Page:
May 21, 2020
Issue 323  |  View Past Issues

Editor's Note

The financial fallout from the COVID-19 crisis continues to reverberate through the coal sector. In Poland, the Minister for State Assets has floated the prospect that government-owned thermal coal companies will be merged and production capacity curtailed. In India, the government is seeking to bail out power generation and distribution companies while pushing utilities to switch to using coal from the ever-growing domestic stockpiles. These moves come as new COVID-19 outbreaks have been reported at coal mines in the Czech Republic and the Philippines.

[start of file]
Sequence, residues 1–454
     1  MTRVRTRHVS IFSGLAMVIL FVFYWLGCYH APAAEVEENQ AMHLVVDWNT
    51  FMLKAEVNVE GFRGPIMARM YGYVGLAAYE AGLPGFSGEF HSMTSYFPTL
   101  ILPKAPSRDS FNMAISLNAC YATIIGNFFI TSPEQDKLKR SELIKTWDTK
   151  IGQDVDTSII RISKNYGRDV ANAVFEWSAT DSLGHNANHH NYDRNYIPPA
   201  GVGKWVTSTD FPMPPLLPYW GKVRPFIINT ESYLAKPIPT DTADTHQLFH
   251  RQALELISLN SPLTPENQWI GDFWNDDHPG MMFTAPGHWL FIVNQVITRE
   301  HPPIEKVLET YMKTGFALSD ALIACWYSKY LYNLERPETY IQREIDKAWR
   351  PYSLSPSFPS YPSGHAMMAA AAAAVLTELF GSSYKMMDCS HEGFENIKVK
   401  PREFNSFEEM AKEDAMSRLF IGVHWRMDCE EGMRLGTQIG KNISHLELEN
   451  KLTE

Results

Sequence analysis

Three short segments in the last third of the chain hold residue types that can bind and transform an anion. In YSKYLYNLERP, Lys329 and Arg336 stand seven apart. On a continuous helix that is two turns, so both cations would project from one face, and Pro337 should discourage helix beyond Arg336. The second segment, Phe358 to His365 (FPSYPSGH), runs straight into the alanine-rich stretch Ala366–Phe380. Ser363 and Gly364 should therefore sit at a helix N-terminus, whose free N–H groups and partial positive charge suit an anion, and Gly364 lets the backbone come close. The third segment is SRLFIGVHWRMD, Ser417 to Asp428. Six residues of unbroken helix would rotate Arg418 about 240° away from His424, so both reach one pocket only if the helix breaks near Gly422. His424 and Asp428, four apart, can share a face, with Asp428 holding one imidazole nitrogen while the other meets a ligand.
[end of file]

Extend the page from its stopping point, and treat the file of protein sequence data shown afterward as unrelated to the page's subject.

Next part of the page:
The global economic downturn will delay the need for new capacity in some countries with major expansion plans. However, a new report warns the Bangladesh Government is facing serious financial risk from growing overcapacity if it proceeds with to build new coal and gas plants. Other governments are also pushing ahead with plans to promote new coal projects. In Mongolia, the government has offered to build a new coal plant to supply power for a copper mine owned by a subsidiary of Rio Tinto. In Indonesia, the government is pushing through major legislative changes to support the country’s largest coal producers.

However, attracting finance is getting ever harder for companies involved in the coal sector. The Norwegian sovereign wealth fund has dumped stocks of five companies and put four more on notice. A major French bank has also announced it will cease financing all coal projects for European Union and OECD countries by 2030 and the rest of the world by 2040.

Bob Burton


Coal industry will never recover after coronavirus pandemic, say experts